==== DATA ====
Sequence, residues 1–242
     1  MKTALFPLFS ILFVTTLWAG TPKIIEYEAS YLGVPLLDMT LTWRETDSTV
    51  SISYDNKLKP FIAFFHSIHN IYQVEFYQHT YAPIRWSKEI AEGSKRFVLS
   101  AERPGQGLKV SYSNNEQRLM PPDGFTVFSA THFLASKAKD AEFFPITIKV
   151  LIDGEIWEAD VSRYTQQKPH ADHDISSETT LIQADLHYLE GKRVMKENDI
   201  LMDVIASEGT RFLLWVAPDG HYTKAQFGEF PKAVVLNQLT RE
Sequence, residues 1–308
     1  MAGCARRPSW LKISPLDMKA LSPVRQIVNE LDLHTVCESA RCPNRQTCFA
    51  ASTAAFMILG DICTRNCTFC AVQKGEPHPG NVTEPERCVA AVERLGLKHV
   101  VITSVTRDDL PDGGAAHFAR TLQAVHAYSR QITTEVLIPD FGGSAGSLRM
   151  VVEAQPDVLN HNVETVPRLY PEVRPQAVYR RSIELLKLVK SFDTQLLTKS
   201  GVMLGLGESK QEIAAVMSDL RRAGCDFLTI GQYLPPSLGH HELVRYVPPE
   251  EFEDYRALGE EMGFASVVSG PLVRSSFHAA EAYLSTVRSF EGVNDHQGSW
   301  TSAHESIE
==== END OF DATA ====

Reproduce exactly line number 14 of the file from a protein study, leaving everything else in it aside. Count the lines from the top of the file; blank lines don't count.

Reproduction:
   301  TSAHESIE